I stopped by the local car stereo place to check out the affordable in dash units for my wifes car since hers took a crap last week.
Aside from the "deals" (still better prices over the net INCLUDING shipping and the flat-fee install charges) and the lies from the salesman the XM radio did look appealing.
From what the salesman was saying most people who were buying it were people who lived in the sticks and people who do a lot of long distance driving.
It's not for me, just like the cable TV "radio" is not for me.  Not until I can get me Consertive Republican AM radio over the darn things (Rush, Hannity, O'Reilly, Medved).

Link Posted: 6/9/2002 3:55:24 PM EST

It has it's own antenna. Great reception from Mexico to Canada. No problems in mountains, or going under bridges.  Will be ordering it on an '03 GMC.
Link Posted: 6/10/2002 3:06:13 AM EST
I read a really good article about XM and Sirius in a car mag a few months ago.

XM uses 2 satellites in geosynchronous orbit, one south of Atlanta and the other south of Phoenix.  This has the same problems that DSS dishes have for TV.  The radio waves don't penetrate very well so if you are in the 'shadow' of anything you will lose the signal.  They handle it by having a few minutes of cached data in the receiver and by using repeaters that broadcast over regular FM frequencies.  The receiver takes the signals from both satellites and any FM repeaters that are in your area, compares them all and uses the best signal.

Sirius uses 3 satellites that are in elliptical orbits.  This way the satellites are more directly overhead so you get less of a shadow effect that blocks the signal.  They've had technical issues though since the elliptical orbit makes it harder for the ground stations to know where to look for the signal.  For whatever reason, they have apparently had a lot of trouble getting the FM repeater stations to track the satellites correctly.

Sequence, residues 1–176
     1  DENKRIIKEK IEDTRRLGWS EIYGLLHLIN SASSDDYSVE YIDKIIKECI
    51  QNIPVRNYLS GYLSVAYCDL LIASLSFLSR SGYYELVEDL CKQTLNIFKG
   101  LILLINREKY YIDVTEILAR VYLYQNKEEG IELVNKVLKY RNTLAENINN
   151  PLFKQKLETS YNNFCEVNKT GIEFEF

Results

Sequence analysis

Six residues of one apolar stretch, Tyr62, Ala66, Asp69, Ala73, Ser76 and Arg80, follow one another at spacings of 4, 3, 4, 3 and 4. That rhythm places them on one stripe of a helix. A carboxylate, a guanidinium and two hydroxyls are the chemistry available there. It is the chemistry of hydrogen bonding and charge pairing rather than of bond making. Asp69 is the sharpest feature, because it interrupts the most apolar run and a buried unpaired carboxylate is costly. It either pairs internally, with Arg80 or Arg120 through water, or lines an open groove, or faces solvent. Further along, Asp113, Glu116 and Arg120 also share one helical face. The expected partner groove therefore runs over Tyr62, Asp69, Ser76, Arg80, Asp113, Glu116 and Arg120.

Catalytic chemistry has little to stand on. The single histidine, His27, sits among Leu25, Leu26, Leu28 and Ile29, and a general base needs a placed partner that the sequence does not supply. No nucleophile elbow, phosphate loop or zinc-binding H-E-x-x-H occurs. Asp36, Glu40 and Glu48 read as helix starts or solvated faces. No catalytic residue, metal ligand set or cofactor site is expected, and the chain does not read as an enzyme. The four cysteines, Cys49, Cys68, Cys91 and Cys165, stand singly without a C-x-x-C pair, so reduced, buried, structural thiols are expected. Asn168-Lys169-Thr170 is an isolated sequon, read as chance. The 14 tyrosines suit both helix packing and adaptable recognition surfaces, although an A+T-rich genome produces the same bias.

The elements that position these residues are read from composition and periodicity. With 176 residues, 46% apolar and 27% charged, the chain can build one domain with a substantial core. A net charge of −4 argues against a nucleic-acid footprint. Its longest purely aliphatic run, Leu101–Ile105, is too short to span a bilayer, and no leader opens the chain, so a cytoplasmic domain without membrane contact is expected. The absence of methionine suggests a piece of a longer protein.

There is advertising on satellite radio, but it depends on what station you listen to.  XM has more stations with ads, but Sirius costs a few dollars more per month.

Link Posted: 6/10/2002 3:48:31 AM EST
I have XM Radio in my firebird. you can check out the install i did at the url in my sig.

[url]www.clubxm.com[/url] has some good info and at least one person to avoid. his name is Exxmfan, and he has a unhealthy hatred of XM. Sirius is another player in the market ans will go live July 1. If you can wait until then I would and see which is best for you. XM has great audio quality. very close to CD. AVOID the FM mods at all costs, they kill the sound. IM me if you have questions.
Link Posted: 6/10/2002 4:23:37 AM EST
I heard a commercial for XM and it said that [b][i]most[/i][/b] channels are commercial free. For $10 a month they should [b][i]all[/i][/b] be commercial free!
Link Posted: 6/10/2002 6:06:54 AM EST
30 Music channels are commercial free. 30 have commercials. when they do its like 2-5 mins per hour. Sirius has all 60 music channels commercial free. but other channels have them.